Next Target For Hackers In 2019 Is Your Brain
(1). Hacking Our Brains Via Our Sense of Smell: Next Target For Hackers In 2019 Is Your Brain
Ilana Hairston is a psychologist at The Academic College of Tel-Aviv Yaffo in Israel. She studies how the brain works when a person is sleeping. An experiment that Ilana conducted showed that a person’s view of one another can be changed by an “outside force.”
How It Works:
Computer programmers hack into secure systems using “cracks,” a way of getting around the security to private information. It turns out that human beings have “cracks” too.
(2). Mind Reading:
Marc Salem, born Moshe Botwinick to Jewish parents, is an American mentalist and mind reader from Philadelphia and is qualified in non-verbal communication. Salem has been using his skill as an expert in kinesics, commonly referred to as body language, and his uncanny understanding of the mental process to fascinate audiences around the world. Even though he spends a lot of time on the stage, he is also in great demand as a public speaker and continues to educate lawyers, politicians and public servants in the minute nuances of voice and movement that reveal our thoughts to those around us.
3. A Little Device That’s Trying to Read Your Thoughts:
Called the iBrain, this simple-looking contraption is part of an experiment that aims to allow Dr. Hawking — long paralyzed by amyotrophic lateral sclerosis, or Lou Gehrig’s disease — to communicate by merely thinking.
The iBrain is part of a new generation of portable neural devices and algorithms intended to monitor and diagnose conditions like sleep apnea, depression and autism.
“The iBrain can collect data in real time in a person’s own bed, or when they’re watching TV, or doing just about anything,” Dr. Low said.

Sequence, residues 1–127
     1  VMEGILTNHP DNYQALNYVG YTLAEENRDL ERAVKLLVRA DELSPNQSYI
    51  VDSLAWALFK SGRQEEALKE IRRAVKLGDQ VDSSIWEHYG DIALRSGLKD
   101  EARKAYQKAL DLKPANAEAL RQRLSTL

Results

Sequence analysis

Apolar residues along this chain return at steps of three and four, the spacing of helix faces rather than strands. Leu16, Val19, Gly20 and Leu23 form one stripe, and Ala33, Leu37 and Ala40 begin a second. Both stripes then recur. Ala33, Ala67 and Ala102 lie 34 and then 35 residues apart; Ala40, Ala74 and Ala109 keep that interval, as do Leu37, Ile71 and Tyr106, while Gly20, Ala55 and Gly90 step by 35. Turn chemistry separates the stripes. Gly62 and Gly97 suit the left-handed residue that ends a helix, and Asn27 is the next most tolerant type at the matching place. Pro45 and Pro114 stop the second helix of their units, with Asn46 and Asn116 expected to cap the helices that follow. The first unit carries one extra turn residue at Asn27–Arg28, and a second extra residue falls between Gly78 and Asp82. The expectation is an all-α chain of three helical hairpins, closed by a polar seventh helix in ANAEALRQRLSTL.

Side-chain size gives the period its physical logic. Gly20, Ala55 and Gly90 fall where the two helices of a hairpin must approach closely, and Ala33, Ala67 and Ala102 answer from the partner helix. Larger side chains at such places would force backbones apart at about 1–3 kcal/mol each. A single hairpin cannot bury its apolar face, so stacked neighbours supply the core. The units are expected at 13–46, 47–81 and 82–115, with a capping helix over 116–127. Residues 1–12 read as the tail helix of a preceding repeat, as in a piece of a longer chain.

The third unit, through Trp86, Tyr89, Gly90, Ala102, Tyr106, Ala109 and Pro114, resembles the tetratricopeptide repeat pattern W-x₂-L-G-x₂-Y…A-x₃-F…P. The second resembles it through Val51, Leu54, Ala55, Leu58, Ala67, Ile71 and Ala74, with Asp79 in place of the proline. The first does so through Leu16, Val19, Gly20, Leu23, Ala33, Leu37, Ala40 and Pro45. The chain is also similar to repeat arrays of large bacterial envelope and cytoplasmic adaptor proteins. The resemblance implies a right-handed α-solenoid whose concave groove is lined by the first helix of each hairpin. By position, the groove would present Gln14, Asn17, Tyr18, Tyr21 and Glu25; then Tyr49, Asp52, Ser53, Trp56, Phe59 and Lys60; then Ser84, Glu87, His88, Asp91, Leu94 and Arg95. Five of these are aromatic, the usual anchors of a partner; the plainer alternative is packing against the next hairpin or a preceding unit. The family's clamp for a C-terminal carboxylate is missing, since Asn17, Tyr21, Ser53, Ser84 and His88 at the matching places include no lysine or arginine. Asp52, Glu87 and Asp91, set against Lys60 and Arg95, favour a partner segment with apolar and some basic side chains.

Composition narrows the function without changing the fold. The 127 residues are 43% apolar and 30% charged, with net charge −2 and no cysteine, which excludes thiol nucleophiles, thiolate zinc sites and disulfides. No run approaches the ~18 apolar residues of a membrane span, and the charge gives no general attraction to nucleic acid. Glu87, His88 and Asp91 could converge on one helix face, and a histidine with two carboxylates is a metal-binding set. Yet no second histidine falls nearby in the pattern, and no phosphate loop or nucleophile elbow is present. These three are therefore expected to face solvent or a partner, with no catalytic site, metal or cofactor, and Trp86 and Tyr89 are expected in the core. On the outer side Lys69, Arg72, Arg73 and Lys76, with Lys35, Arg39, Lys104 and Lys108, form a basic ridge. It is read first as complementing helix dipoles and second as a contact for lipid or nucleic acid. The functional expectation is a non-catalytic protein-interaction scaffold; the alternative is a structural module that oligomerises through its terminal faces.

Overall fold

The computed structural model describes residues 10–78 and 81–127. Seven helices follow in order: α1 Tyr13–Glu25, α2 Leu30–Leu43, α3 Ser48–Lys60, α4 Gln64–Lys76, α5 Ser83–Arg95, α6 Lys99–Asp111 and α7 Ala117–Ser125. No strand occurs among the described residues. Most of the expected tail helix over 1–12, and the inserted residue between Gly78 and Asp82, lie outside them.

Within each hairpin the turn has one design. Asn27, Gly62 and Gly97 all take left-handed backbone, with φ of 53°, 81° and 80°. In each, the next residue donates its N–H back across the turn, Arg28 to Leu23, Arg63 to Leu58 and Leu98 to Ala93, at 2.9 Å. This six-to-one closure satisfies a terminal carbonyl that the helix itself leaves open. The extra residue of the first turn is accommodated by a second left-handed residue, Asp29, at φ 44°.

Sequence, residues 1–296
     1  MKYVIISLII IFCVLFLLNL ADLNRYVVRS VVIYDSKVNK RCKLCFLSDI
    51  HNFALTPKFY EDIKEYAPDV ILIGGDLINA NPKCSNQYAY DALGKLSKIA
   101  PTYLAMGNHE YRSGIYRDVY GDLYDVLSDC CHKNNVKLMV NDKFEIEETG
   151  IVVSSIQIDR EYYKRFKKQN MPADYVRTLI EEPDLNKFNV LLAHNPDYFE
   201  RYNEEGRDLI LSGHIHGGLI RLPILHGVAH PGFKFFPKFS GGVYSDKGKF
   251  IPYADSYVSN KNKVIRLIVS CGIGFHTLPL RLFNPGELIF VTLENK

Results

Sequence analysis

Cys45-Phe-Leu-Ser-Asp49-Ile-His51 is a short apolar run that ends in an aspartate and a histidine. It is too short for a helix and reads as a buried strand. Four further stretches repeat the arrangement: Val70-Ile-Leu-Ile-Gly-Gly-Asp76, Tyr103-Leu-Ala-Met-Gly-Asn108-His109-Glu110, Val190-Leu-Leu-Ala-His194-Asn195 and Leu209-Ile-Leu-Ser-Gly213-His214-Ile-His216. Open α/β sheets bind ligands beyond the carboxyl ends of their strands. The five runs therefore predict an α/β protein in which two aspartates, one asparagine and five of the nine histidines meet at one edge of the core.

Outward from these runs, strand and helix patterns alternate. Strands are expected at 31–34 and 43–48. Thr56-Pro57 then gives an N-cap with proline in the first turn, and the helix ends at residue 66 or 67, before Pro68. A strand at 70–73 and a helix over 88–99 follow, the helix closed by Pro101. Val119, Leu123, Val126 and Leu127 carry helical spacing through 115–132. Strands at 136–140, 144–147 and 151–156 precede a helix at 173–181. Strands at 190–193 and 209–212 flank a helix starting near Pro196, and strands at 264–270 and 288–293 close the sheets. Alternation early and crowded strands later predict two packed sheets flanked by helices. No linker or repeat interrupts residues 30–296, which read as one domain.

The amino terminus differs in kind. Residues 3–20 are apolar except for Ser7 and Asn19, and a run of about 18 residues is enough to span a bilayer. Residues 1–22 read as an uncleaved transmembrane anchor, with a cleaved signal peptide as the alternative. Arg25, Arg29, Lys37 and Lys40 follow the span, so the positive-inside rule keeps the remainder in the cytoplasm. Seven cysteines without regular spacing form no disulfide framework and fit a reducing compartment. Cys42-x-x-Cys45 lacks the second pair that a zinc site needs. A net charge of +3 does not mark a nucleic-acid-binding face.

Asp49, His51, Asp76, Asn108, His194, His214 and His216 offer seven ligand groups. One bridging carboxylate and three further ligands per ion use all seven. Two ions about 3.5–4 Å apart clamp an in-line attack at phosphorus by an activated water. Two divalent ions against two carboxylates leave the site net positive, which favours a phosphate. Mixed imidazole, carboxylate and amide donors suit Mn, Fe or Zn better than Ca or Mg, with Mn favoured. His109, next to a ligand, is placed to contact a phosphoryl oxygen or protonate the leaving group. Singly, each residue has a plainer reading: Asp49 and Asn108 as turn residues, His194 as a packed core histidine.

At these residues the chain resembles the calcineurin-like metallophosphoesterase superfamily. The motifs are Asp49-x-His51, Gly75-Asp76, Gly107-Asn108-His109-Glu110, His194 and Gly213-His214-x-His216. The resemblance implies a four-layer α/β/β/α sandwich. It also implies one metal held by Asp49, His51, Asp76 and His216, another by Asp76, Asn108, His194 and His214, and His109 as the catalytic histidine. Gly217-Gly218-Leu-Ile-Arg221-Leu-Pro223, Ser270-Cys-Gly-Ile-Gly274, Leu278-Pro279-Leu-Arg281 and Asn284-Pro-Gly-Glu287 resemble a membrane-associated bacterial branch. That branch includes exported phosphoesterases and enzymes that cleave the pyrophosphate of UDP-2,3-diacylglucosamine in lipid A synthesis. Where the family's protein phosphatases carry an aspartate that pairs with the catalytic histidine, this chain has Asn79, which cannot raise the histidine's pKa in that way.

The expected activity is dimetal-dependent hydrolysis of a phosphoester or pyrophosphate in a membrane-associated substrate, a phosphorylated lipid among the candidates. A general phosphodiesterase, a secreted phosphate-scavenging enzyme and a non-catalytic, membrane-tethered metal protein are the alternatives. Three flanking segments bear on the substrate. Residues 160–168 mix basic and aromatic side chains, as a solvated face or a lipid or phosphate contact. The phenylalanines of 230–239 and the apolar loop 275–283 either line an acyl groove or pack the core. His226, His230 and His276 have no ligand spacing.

The device uses a single channel to pick up waves of electrical brain signals, which change with different activities and thoughts, or with the pathologies that accompany brain disorders.
(4). Brain Decoding: Reading Minds:
Jack Gallant can read your mind. Or at least, he can figure out what you’re seeing if you’re in his machine watching a movie he’s playing for you.
Gallant, a researcher at the University of California, Berkeley, has a brain decoding machine – a device that uses brain scanning to peer into people’s minds and reconstruct what they’re seeing. If mind-reading technology like this becomes more common, should we be concerned?
(5). Chris Berka: Monitoring Your Brain:
Chris Berka is the CEO and Co-Founder at Advanced Brain Monitoring (ABM). She has more than 25 years’ experience managing clinical research and developing and commercializing new technologies.
Using Neuroscience, Chris Berka and her team at NeuroTech startup Advanced Brain Monitoring have recently identified, what “the Zone” is and how to get into it.
Chris Berka talks about how you can use advanced brain monitoring technology to improve your mental and physical performance.
(6). Hypnosis Opens Our Minds To Brain Hackers:
“Now that we know which brain regions are involved, we may be able to use this knowledge to alter someone’s capacity to be hypnotized or the effectiveness of hypnosis for problems like pain control,” said the study’s senior author, David Spiegel, MD, professor and associate chair of psychiatry and behavioral sciences.
Your eyelids are getting heavy, your arms are going limp and you feel like you’re floating through space. The power of hypnosis to alter your mind and body like this is all thanks to changes in a few specific areas of the brain, researchers at the Stanford University School of Medicine have discovered.
(7). Lighting-up The Brain:
Seeking deeper understanding of how the brain works
Edward Boyden develops techniques to study the brain, and how it operates, in finer detail. Boyden leads the synthetic neurobiology research group at the MIT Media Laboratory and the McGovern Institute for Brain Research at MIT.
How is the mind formed, and what does it mean to be human?
These are the questions that intrigue Edward Boyden, an associate professor of biological engineering and brain and cognitive sciences at MIT.
Boyden has pioneered the development of technologies such as optogenetic tools, in which light-sensitive proteins from algae and bacteria are added to neurons. This allows the neurons to be activated or silenced with pulses of visible light.
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